Mar 1, 2005 12:00 PM

Roger Norman, owner and manager of the Crystal Bay Club and Casino in Lake Tahoe, Nev., and a self-described technology junky, was looking for better cameras to monitor his casino's gaming tables. Then he heard about HDTV surveillance cameras.

Norman had just installed 129 new Pelco cameras to monitor the casino's 10 gaming tables, 265 slot machines, restaurants, lounges, retail shops, kitchens, private areas and parking garages.

Nevertheless, he wanted to try high definition (HD) cameras at the gaming tables and bars. So he bought 15 HD cameras from CoVi Technologies Inc., Austin, Texas.

Monitoring gaming tables and bars requires sharp and clear video images. Surveillance personnel must be able to read the cards in players' hands, count the chips on the table, and observe the money changing hands at the bar.

To maintain such clear, close-up views with conventional cameras, Norman says the lighting around the gaming tables and bars had to be adjusted constantly. From certain angles, glare prevented surveillance officers from seeing the cards and chips clearly. "We have tried all kinds of cameras, including black and white, to monitor the tables," he says. "The (high-definition) cameras take away those lighting issues. The pictures are so clear that it is like standing next to a player and watching with your own eyes."

HD cameras produce sharper, clearer images because they collect more visual information additional lines of resolution resulting in a better picture. Another benefit of HD technology is a wider field- of-view 33 percent wider because of their 16:9 aspect ratio (compared to the 4:3 format of conventional cameras).
Electronic PTZ

HD's increased resolution and field-of-view enable the capability of electronic pan-tilt-zoom, or EPTZ. "This feature allows a fixed camera to operate like a speed dome camera," says Chalon Dilber, product manager at CoVi. "Thanks to the resolution of HD images, a fixed camera can carry out a 4-times electronic zoom and still get the video equivalent of a high-resolution standard camera with a zoom lens."

Crystal Bay's surveillance department uses a variation of this feature called Zoom Under Video or ZUV, which CoVi has built into its cameras. With ZUV, individual cameras can send four views to one or more monitors: a full screen shot of the entire area of view and three closeup shots of areas on the sides, bottom and top of the full screen picture. "At the bars and gaming tables, we set the cameras to display a main view and three inset ZUVs that appear along the bottom of the monitoring screen," Norman says. "At the bar, for instance, the monitor shows a wide view plus close-ups of the cash register, where the drinks are being poured, and the door where people enter and leave."

The EPTZ feature helps equalize the cost difference of HD and standard definition cameras, because the EPTZ feature works with fixed cameras and does not require motorized PTZ mechanics.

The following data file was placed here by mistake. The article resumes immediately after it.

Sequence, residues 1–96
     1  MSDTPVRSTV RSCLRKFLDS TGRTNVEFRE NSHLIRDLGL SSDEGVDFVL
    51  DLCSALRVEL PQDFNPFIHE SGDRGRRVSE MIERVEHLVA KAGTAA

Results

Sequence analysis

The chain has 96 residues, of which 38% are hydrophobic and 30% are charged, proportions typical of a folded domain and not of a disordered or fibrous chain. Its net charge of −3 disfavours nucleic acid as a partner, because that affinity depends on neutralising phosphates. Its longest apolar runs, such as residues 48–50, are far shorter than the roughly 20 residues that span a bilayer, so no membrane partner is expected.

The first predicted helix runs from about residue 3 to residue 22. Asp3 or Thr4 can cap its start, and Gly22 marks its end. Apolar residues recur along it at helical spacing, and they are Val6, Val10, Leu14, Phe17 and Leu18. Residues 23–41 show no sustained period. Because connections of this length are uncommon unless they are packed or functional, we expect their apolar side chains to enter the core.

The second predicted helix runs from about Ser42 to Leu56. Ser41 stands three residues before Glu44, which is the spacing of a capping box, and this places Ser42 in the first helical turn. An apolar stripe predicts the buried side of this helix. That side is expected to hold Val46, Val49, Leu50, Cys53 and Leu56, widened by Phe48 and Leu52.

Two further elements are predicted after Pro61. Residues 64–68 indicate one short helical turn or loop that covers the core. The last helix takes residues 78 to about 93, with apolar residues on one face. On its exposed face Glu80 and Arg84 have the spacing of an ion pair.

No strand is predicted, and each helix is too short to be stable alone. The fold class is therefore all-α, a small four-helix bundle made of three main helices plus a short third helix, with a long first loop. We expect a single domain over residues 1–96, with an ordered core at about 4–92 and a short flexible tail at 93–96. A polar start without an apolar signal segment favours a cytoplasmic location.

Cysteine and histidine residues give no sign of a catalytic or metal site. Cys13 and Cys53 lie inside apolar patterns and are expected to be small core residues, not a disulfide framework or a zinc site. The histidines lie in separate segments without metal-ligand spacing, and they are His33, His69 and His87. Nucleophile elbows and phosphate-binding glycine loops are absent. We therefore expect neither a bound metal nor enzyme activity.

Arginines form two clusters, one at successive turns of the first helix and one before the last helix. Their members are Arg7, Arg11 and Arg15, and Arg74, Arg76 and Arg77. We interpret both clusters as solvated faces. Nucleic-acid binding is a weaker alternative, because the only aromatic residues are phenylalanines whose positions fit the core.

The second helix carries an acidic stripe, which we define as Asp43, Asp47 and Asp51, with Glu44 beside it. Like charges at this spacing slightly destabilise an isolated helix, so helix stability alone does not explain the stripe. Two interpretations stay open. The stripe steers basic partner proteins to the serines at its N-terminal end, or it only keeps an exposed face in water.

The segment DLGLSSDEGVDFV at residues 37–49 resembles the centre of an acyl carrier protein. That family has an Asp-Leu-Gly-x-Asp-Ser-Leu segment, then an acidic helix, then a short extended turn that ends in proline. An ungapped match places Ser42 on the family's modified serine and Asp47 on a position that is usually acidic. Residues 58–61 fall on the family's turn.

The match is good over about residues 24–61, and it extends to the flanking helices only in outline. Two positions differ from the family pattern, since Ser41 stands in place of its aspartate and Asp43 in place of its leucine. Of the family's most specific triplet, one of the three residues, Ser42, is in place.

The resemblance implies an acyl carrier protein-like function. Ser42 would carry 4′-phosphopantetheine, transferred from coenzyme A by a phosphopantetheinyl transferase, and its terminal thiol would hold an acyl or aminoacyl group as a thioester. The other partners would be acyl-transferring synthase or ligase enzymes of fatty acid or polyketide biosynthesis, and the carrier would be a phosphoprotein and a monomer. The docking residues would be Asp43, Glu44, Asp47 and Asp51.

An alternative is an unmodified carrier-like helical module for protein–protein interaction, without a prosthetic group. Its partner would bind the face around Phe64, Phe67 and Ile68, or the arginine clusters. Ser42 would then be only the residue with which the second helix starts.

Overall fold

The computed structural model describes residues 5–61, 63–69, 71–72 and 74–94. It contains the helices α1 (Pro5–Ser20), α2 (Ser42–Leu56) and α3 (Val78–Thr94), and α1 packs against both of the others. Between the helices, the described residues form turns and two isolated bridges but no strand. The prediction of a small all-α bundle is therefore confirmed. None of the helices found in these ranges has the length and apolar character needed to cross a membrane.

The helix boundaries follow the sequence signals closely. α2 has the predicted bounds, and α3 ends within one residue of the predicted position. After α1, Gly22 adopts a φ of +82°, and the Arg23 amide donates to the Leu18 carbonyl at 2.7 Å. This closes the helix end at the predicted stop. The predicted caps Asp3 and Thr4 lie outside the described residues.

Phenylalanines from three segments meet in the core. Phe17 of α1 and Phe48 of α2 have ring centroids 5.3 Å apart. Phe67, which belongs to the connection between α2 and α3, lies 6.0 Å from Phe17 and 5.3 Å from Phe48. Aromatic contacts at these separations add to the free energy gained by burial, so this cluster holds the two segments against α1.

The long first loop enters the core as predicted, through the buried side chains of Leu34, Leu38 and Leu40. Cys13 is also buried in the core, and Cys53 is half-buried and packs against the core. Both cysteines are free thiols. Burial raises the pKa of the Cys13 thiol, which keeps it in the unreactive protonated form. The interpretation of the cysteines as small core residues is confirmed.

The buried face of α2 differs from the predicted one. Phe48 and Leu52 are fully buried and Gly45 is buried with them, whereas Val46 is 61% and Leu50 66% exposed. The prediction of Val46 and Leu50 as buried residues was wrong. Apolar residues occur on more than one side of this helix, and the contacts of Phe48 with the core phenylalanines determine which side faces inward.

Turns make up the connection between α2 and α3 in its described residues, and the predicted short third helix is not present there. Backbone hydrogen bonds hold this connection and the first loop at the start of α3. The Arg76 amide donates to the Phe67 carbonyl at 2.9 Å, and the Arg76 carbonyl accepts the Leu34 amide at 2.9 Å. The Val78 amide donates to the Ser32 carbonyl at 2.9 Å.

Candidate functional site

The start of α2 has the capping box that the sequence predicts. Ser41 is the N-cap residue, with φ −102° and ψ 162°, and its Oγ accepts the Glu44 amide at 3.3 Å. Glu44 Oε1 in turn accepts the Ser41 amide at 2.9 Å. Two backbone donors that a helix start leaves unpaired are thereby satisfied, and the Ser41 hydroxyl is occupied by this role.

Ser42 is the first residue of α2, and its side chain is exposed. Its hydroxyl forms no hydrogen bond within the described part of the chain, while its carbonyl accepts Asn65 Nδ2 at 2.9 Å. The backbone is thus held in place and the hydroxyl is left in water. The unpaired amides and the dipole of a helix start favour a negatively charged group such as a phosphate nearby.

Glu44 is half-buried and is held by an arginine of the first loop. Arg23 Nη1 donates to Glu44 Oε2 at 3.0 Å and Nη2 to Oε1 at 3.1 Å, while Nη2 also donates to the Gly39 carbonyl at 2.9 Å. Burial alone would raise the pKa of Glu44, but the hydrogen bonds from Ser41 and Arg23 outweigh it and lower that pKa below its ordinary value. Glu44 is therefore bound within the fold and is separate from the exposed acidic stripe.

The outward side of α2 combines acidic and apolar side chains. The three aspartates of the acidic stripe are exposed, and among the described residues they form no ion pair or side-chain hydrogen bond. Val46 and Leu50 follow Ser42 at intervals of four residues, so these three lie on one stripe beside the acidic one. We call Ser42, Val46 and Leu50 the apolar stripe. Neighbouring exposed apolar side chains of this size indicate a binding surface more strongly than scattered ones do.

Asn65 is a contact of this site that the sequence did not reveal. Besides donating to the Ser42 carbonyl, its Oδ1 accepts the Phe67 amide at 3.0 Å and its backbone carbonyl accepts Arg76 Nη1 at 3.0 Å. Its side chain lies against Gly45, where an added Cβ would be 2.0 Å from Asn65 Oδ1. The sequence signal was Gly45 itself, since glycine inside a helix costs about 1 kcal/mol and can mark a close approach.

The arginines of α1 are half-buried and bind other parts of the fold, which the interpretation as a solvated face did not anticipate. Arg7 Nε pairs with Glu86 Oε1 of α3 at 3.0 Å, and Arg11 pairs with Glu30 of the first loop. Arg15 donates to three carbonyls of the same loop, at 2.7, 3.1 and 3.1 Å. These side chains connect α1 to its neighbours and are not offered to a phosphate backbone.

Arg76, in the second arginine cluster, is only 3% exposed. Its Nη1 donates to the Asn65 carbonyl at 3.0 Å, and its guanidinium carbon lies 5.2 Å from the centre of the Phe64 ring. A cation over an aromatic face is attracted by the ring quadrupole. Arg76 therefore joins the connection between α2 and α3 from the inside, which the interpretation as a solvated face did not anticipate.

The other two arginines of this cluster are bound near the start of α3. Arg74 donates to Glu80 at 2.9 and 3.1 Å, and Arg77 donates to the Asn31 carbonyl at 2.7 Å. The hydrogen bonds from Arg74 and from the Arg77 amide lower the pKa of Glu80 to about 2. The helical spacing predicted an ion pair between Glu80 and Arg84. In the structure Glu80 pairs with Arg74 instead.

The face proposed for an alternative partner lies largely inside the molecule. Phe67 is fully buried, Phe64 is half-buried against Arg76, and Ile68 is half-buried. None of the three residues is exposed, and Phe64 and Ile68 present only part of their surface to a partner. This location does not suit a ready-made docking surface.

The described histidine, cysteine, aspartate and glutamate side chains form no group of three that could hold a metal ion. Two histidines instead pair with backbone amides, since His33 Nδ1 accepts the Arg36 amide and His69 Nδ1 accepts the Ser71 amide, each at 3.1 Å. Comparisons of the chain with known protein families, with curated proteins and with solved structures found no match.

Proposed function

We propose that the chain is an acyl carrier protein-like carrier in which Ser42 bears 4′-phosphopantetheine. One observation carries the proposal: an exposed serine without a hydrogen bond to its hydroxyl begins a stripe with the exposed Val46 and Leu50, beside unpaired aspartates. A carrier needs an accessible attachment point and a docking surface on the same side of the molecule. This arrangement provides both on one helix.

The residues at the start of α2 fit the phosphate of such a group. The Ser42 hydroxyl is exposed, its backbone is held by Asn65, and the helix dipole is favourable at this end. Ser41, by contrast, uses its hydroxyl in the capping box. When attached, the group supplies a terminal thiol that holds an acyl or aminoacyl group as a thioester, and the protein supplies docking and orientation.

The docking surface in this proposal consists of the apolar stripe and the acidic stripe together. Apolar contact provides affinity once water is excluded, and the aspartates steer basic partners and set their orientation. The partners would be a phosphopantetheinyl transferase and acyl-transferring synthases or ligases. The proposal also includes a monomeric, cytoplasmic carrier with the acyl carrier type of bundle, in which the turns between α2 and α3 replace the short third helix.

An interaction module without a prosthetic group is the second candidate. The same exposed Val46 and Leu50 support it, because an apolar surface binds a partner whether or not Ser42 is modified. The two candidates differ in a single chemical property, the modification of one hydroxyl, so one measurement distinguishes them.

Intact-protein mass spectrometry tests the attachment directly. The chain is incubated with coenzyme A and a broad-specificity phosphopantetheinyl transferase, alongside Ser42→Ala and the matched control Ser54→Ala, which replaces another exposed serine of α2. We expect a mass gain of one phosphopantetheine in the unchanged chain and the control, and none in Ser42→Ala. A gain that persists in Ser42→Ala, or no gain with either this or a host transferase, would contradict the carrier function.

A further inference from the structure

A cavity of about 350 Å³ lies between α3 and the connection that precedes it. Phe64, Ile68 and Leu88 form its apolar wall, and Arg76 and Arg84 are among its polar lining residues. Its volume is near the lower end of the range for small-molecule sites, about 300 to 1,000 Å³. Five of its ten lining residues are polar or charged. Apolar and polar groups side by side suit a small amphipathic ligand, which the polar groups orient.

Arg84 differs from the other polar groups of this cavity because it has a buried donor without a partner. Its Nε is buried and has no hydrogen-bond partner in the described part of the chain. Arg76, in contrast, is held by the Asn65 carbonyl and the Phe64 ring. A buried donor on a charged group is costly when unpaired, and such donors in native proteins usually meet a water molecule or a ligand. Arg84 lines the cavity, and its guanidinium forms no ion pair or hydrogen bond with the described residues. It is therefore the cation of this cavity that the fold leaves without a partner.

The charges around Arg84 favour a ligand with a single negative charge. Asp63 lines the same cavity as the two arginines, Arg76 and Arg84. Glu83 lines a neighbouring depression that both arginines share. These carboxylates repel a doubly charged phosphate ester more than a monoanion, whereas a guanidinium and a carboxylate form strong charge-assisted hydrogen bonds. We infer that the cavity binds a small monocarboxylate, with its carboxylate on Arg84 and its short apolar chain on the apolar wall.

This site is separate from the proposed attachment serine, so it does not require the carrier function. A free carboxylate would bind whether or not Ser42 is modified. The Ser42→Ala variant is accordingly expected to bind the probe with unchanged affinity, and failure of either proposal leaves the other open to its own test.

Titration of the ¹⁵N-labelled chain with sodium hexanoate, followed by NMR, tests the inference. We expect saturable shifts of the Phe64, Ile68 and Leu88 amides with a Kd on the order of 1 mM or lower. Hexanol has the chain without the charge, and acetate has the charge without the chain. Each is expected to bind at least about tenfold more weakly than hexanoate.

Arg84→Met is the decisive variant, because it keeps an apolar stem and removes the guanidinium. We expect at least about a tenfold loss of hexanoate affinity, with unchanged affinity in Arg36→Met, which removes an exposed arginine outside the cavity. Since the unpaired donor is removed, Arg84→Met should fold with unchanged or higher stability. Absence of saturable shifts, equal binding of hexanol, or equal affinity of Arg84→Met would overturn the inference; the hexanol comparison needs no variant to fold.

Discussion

The HD cameras also offer high dynamic range (to capture brightly lighted or shadowy scenes); and removable infrared (IR) filters for low-light, black-and-white imaging.
Matching up the surveillance system

All 144 of Crystal Bay's standard-definition and HD cameras operate over the casino's IT network and can be called up on an Internet browser. The casino has installed monitoring stations in a security center and a number of executive offices.

Unfortunately, decoding and displaying HDTV signals as HDTV is not realistic today. Most switchers and digital video recorders (DVRs) have not yet moved into the HD world and continue to be designed for conventional analog signals. While HDTV monitors are available, they tend to cost too much.

To overcome this problem, CoVi converts HD camera signals to analog signals. While running HD camera signals into conventional monitoring systems sacrifices some resolution, the video is still sharper than that produced by standard-definition cameras, Dilber says.

At Crystal Bay, the central surveillance station records video with a DVR supplied by General Solutions, Houston. Pelco provided the switcher, which can control up to 2,000 cameras. "We wanted a big switcher because we are planning to build a hotel to add onto the system," Norman says.

The DVR and the switcher provide two different monitoring systems. The surveillance center and some offices have joysticks, keypads and dedicated NEC and Pelco monitors to enable people to monitor video through the Pelco switcher. In some offices, personnel use computer screens and monitor video by using a browser to access cameras through the DVR.

"We've set it up this way to put surveillance in the hands of people that know the business," Norman says.

That idea and the HD cameras have already begun to pay off. Not long ago, for example, Norman was observing a craps game on a monitor in his office. While counting the chips in the payout, Norman noticed that the dealer was paying triple the odds allowed by the casino. "He denied it until we showed him the video," Norman says.

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